Mirrors and Shapers of Images
Popular culturethe music, movies, and stories that we hear and see in the mass media every day of our livesplays an important role in American social life. Many of the words and images generated and marketed by the “pop culture” industry attempt to reflect the realities of American life and frequently help shape those realities. In some cases, images and sounds from pop culture are relevant to the way we see and think about government and politics.
For example, over the past 85 years, Hollywood has produced many films that use conspiracies as a central plotline. Spies and spy rings were the focus of some early conspiracy-based films. Alfred Hitchcock, later best known for such suspense thrillers as Psycho and The Birds, began his career by directing spy movies such as The Man Who Knew Too Much and 39 Steps in the 1930s. By the 1950s, film conspiracies took the form of alien invasions from outer space (e.g., the 1956 classic Invasion of the Body Snatchers), and a decade later the focus turned to government conspiracies. The plot for Seven Days in May (1964) centered on a conspiracy by military leaders to take over the U.S. government, and the 1967 spy spoof The President’s Analyst featured a similar plot undertaken by the telephone company. The conspiracy thriller genre took a more serious turn in the 1970s with the release of films like All the President’s Men (1976), an examination of the real-life conspiracy behind Nixon’s cover-up of the Watergate break-in.
In the 1990s, Oliver Stone carried on the legacy of conspiracy films with his controversial JFK (1991) and the 1995 release Nixon. Formulaic action films like Mission Impossible (1996) and thrillers like A Few Good Men (1992) featured plotlines based on government conspiracies and cover-ups. The 2005 film Syriana explored the covert ties between the government and oil companies doing business in the Middle East, and many of the “superhero” films of recent years, such as Captain America: The Winter Soldier (2014) have a conspiracy as plot drivers. Conspiracies were also central to several popular television shows of the 1990s and 2000s such as X-Files, Babylon 5, 24, and Prison Break
Popular music has also mirrored the politics of the dayand at times has actually taken the lead in trying to influence and shape political action. In 1939, jazz and blues singer Billie Holiday released “Strange Fruit,” which put to music a poem about the horrors of racist lynchings in the South. Woody Guthrie’s tunes from the 1930s such as “This Land Is Your Land” and songs by Pete Seeger such as “Where Have All the Flowers Gone?” became anthems for the protest movements of the 1960s. Both of these songs made it to the top of the Billboard charts in 1962, and Peter, Paul, and Mary’s version of “Blowin’ in the Wind” sold millions of copies. The music itself became a political force as these and other popular “hits”from the Plastic Ono Band’s “Give Peace a Chance” to Crosby, Stills, Nash and Young’s “Ohio”were heard again and again at civil rights and antiwar rallies over the next decade.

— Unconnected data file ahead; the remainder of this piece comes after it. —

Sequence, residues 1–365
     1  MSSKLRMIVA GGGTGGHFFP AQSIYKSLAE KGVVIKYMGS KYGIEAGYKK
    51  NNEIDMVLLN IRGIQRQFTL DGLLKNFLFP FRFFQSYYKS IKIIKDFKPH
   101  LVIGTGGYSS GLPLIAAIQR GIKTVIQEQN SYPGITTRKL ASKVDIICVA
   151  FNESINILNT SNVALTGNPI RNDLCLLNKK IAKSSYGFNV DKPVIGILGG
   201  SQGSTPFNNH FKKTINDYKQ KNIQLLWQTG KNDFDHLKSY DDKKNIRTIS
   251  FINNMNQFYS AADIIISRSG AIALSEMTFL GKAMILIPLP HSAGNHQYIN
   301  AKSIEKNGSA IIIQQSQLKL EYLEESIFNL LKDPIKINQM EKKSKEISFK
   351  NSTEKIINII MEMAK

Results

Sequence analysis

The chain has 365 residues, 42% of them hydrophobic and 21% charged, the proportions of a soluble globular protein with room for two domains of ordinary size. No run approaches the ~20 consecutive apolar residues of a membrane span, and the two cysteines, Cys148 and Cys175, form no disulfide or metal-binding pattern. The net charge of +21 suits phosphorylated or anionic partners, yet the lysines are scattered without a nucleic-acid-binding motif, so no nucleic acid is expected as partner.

In the aftermath of 9/11, popular music emerged as one of the major vehicles through which Americans were able to deal with the emotional scars left by the attacks. Some songs, like Toby Keith’s “Courtesy of the Red, White, and Blue (The Angry American),” gave expression to the renewed sense of patriotism that came to the surface immediately after the tragic events. Other releases, like Neil Young’s “Let’s Roll,” celebrated the heroism of some of those who lost their lives in the attacks, and Bruce Springsteen’s 2002 song “Empty Sky” alluded to the personal feelings of loss and anger felt by many. More recently, a number of political songs have been released in response to the controversies related to the War on Terror, and several of themincluding Pearl Jam’s “Worldwide Suicide,” Green Day’s “Holiday,” Rise Against’s “Audience of One,” and John Mayer’s Grammy-winning “Waiting for the World to Change”have received considerable airplay.
Music also played a role in the Occupy movement of 2011. Launched as Occupy Wall Street in September 2011, the movement spread quickly using “We are the 99%” as its slogan. The general theme of the protests was to focus attention on growing inequality and the need to reduce the influence of corporations in American (and global) politics and society. For its “soundtrack,” however, the movement relied on music drawn from previous protests and with a few exceptions (e.g., Makana’s “We Are the Many,” Ry Cooder’s “No Banker Left Behind,” and Everlast’s “I Get By”) did not develop an identifiable “melody.”*
As we will demonstrate in similar feature boxes for all other chapters, popular culture has always played a major role in reflecting and shaping public opinion, political activity, and even the development of governmental institutions in our nation. It is important that we recognize the role that popular culture plays in our political lives; today, the music, movies, and words we see or hear are major sources of the images and myths we have about government and politics.
*See James C. McKinley, Jr., “At the Protests, the Message Lacks a Melody, New York Times, October 19, 2011, p. C1. For a general overview of the role popular music has played in protests, see Dorian Lynskey, 33 Revolutions Per Minute: A History of Protest Songs, from Billie Holiday to Green Day (New York: Ecco, 2011).